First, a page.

The case for "America Out" is still common on the left. But now it's being made from within the mainstream of the conservative movement. Many things account for this change, including the deep mistrust, sometimes slipping to paranoia, of the Obama administration's foreign policy aims. Many conservatives have also conceded the argument that the wars they once ardently supported in Iraq and Afghanistan were historic mistakes, and that imbroglios in Central Asia, Eastern Europe, or the South China Sea are other people's problems, best kept at arm's length.
The upshot is that there is a new foreign policy divide in the United States cutting across traditional partisan and ideological divides. It's no longer a story of (mostly) Republican hawks versus (mostly) Democratic doves. Now it's an argument between neoisolationists and internationalists: between those who think the United States is badly overextended in the world and needs to be doing a lot less of everything-both for its own and the rest of the world's good-and those who believe in Pax Americana, a world in which the economic, diplomatic, and military might of the United States provides the global buffer between civilization and barbarism.
Some readers of this book will reject these categories. They will note that there are vast differences between liberal and conservative internationalists;between, say, Samantha Power, President Obama's ambassador to the United Nations, and John Bolton, her predecessor in that job under George W. Bush. Or they will claim that the term "neoisolationist" is a slur on people who really should be thought of as "noninterventionists" or simply "Realists." They will point out that labels often do more to cloud thinking than to clarify it. They're right, up to a point. But labels also capture emotional reflexes, ideological leanings, and tendencies of thought that in turn help predict policy preferences and political behavior.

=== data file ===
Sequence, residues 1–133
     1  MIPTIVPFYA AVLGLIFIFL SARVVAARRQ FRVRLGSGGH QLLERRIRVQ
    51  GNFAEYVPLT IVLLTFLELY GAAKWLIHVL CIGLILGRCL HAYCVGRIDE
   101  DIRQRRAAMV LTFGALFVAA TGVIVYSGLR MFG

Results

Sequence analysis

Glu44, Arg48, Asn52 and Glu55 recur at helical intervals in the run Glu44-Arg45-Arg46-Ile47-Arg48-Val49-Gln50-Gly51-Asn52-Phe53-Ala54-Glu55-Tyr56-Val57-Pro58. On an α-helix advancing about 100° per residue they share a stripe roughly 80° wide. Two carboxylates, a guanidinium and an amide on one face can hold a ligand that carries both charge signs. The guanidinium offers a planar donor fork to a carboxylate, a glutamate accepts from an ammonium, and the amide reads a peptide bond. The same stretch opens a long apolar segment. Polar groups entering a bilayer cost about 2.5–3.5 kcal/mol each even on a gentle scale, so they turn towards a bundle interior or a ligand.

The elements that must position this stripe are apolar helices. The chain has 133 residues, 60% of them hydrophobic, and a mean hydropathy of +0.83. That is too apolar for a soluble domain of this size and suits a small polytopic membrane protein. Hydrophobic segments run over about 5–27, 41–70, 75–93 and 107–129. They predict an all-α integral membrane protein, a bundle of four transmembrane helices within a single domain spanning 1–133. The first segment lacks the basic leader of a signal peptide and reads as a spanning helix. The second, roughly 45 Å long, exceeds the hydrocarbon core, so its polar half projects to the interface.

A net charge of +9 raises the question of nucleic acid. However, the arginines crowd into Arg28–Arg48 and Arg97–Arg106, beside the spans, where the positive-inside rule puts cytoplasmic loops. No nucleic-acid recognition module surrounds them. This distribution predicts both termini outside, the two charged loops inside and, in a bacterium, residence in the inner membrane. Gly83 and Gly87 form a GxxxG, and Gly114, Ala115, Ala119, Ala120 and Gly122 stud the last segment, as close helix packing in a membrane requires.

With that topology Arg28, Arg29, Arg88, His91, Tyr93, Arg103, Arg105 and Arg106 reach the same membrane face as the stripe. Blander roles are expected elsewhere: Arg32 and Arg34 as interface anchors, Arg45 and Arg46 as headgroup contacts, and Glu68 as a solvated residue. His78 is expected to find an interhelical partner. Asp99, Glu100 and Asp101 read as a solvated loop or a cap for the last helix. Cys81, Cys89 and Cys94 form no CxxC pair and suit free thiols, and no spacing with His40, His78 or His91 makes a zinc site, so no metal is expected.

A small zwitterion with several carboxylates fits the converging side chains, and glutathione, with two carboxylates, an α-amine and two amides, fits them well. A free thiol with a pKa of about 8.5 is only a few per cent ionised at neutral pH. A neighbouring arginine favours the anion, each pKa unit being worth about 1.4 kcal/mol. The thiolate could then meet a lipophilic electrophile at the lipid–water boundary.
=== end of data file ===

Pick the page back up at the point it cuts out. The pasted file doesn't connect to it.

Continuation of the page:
Where do you fall on the spectrum between internationalists and neoisolationists? Ask yourself the following questions:
• Does the United States have a vital interest in the outcome of the civil war in Syria, or in Israel's relationship with the Palestinians, or in Saudi Arabia's contest with Iran?
• Should Americans take sides between China and Japan over which of them exercises sovereignty over the uninhabited Senkaku Islands? Similarly, should we care whether Ukraine or Russia controls Crimea?
• Is America more secure or less secure for deploying military forces in hot spots such as the Persian Gulf and the South China Sea?